Manage the moment

Greg Hackney’s not a greedy guy; he’s experienced. Experienced in tournament strategy — particularly the ones where opportunities are slim and big bites are hard to find.

That’s why the notion of “saving” or “managing” fish did not enter his Day-1 game plan.

Nodding to the formidable combination of warm water, low river current and that always-tricky period of summer-fall transition (Thursday brought the autumnal equinox — first day of fall), Hackney made a poignant observation that’s surely blaring in the minds of every competitor.

“I caught everything I could catch because I didn’t want to have to play catch-up,” Hackney said. “This is a place where you cannot afford to get yourself into a hole.”

That point blares at an amplified level when the effort to catch all you can slams face-first into the realization of what could have been.

Just ask Day-1 leader Todd Risinger. The pro from West Monroe, La. topped the field with 13-9, but he knows the 6-ounce margin he held over second-place Keith Poche was less than his day offered.

“I should have had 16-17 pounds,” Risinger lamented. “I had a 3-pounder on and I tried to boat swing it on a Chatterbait and I should have never done that. Then, just a few minutes before I checked in, I had another 3-pounder come off right beside the boat.”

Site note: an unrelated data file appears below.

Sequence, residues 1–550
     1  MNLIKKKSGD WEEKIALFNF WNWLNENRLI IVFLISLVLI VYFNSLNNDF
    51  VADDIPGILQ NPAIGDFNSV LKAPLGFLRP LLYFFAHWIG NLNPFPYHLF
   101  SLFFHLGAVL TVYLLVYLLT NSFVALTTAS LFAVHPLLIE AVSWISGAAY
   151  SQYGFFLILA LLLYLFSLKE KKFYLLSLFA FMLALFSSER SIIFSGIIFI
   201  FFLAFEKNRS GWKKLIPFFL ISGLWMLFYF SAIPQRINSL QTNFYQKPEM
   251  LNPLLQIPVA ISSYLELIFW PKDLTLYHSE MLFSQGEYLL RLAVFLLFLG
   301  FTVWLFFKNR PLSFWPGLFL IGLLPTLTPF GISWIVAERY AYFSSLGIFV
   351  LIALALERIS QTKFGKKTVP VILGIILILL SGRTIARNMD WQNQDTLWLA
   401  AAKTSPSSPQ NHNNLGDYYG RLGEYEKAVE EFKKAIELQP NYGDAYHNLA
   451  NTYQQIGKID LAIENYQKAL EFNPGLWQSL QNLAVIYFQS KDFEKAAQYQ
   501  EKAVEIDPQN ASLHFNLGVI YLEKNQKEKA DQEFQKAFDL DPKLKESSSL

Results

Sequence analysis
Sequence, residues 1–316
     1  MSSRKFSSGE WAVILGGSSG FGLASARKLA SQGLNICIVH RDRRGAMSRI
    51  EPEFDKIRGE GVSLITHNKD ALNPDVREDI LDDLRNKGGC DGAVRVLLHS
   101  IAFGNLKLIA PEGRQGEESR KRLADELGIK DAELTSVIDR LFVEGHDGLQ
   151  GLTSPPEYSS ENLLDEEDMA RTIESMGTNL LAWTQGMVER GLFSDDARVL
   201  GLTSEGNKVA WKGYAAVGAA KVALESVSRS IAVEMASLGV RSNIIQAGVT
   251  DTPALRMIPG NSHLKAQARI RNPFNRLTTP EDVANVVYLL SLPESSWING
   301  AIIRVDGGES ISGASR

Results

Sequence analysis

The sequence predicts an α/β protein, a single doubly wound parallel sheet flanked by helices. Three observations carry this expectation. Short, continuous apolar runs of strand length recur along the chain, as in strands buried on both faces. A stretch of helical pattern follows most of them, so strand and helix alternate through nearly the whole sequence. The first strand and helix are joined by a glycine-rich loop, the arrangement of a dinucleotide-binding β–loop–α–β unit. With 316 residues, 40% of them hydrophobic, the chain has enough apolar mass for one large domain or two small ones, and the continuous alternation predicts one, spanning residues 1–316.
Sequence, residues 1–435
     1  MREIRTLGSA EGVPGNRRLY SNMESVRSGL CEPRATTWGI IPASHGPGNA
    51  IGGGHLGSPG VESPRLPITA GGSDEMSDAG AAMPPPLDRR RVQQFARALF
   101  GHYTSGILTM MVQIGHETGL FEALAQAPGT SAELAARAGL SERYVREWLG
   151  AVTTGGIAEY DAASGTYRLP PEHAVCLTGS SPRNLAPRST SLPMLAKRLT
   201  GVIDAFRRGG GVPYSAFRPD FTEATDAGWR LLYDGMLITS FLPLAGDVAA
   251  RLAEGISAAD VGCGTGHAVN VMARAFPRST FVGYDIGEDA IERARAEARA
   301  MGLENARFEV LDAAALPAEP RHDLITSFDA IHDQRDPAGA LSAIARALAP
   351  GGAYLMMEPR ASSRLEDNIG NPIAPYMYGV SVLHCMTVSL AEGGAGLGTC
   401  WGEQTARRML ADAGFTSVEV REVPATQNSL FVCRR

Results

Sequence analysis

Losing quality fish always hurts, but such painful losses cut deeper when you’re not sure when/if the next opportunity might come. Suffice it to say, those who left pounds and ounces in the Red River yesterday woke with a fire in their belly today.

Good example: Bassmaster Elite Darold Gleason placed 130th on Day 1 after catching a single 2-pound, 15-ounce keeper. Tough part about it was his account of missed opportunities that would have dramatically improved his opening effort.

As Gleason recounted, he missed multiple frog bites, including one that gave him several shots

“One fish blew up on my frog three times,” he said. “I flipped in there and hooked, but he got hung up in (the vegetation) and came off.”

By 8:30 this morning, BassTrakk showed Gleason with a limit of 11-8, well above the top-10 pace from Day-1. At 10 a.m., he was one spot out of the top-10 cut.

Motivation born of disappointment is a powerful force.

Perhaps the only example of an angler deciding to leave catchable fish after securing a strong limit was Poche’s Day-1 performance. The Alabama angler caught most of his 13-3 limit in a shallow, narrow ditch leading to a deeper backwater pocket.

His 18-foot aluminum boat allowed him to skim over skinny sections that would likely block a fiberglass bass boat’s heavier form. Poche said he made one late-day cull on a main river spot, but that was after he secured a solid bag by late morning and then left his hidden honey hole.

Poche has the luxury of managing a group of fish that are unlikely to see another tournament boat this week. Most everyone else will almost certainly step on the gas and follow the foundational rule of tough tournaments: Get while the gettin’s good.